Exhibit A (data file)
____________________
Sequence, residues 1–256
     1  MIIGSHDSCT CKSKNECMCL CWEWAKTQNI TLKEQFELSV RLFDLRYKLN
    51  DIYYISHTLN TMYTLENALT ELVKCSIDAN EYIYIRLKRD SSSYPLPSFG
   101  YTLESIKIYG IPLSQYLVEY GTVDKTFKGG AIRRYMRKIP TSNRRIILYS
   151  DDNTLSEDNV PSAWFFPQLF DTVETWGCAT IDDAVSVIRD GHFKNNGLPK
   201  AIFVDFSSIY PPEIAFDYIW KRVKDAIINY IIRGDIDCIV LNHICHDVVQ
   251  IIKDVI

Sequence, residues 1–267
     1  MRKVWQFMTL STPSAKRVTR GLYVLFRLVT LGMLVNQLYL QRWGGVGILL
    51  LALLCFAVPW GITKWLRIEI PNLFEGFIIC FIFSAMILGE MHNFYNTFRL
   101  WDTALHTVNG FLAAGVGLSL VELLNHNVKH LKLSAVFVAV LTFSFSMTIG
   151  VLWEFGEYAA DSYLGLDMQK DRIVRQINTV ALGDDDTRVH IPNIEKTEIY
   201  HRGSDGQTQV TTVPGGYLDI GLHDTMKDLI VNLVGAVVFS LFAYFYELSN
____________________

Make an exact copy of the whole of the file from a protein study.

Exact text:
Sequence, residues 1–256
     1  MIIGSHDSCT CKSKNECMCL CWEWAKTQNI TLKEQFELSV RLFDLRYKLN
    51  DIYYISHTLN TMYTLENALT ELVKCSIDAN EYIYIRLKRD SSSYPLPSFG
   101  YTLESIKIYG IPLSQYLVEY GTVDKTFKGG AIRRYMRKIP TSNRRIILYS
   151  DDNTLSEDNV PSAWFFPQLF DTVETWGCAT IDDAVSVIRD GHFKNNGLPK
   201  AIFVDFSSIY PPEIAFDYIW KRVKDAIINY IIRGDIDCIV LNHICHDVVQ
   251  IIKDVI

Sequence, residues 1–267
     1  MRKVWQFMTL STPSAKRVTR GLYVLFRLVT LGMLVNQLYL QRWGGVGILL
    51  LALLCFAVPW GITKWLRIEI PNLFEGFIIC FIFSAMILGE MHNFYNTFRL
   101  WDTALHTVNG FLAAGVGLSL VELLNHNVKH LKLSAVFVAV LTFSFSMTIG
   151  VLWEFGEYAA DSYLGLDMQK DRIVRQINTV ALGDDDTRVH IPNIEKTEIY
   201  HRGSDGQTQV TTVPGGYLDI GLHDTMKDLI VNLVGAVVFS LFAYFYELSN